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This Henry Stewart talk is about HIV prevention,
in the context of global public health.
My name is Sten Vermund.
I'm at the Yale University,
School of Public Health.
In 2016, the World Health Organization had its data updated,
and published in 2017.
There are now an estimated 37 million people currently living with HIV around the world.
During that year 2016,
there were 1.8 million persons who were newly infected,
and about one million deaths.
When one looks at a summary of the global epidemic,
one sees that women are more numerous than men.
And the number of children continues to number in the millions.
Since the beginning of the epidemic through the end of 2016 and the middle of 2017,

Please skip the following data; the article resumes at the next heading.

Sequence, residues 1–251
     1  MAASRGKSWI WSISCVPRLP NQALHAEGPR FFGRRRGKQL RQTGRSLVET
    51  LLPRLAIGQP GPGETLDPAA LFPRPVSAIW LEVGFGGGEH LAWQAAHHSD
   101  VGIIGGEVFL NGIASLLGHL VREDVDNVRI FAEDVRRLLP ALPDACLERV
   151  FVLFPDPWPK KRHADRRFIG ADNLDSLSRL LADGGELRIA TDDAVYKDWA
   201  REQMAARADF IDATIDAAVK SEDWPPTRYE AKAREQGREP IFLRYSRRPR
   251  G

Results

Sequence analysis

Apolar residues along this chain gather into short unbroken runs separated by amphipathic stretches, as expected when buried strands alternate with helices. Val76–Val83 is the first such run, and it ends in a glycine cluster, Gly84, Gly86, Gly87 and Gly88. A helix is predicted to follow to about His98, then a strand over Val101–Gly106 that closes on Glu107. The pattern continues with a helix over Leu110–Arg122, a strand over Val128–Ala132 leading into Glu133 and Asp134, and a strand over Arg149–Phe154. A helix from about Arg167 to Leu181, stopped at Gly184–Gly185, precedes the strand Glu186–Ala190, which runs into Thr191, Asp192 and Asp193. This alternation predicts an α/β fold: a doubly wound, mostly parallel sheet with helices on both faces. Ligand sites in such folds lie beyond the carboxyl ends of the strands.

35 million persons are estimated to have lost their lives through HIV.
Happily, the global scale-up of
antiretroviral therapy is likely responsible for nearly 50% decline in deaths.
For example, in 2005 there were an estimated 1.9 million deaths,
while as I just mentioned in 2016,
that has dropped to one point O.
So, almost cutting the death rate in half.
Survival seems to be better in women,
perhaps due to earlier diagnosis related to pregnancy,
and or better adherence to antiretroviral therapy.
Treatment might be contributing to fewer new infections.
There was an estimated 16% decline from 2010 to the present day,
well let's say 2016.
Among adolescents young adults unfortunately,
incidence is remaining high,
and it's higher among females than males particularly in Africa.
Hence, we continue to have a tremendous challenge in the prevention of HIV arena.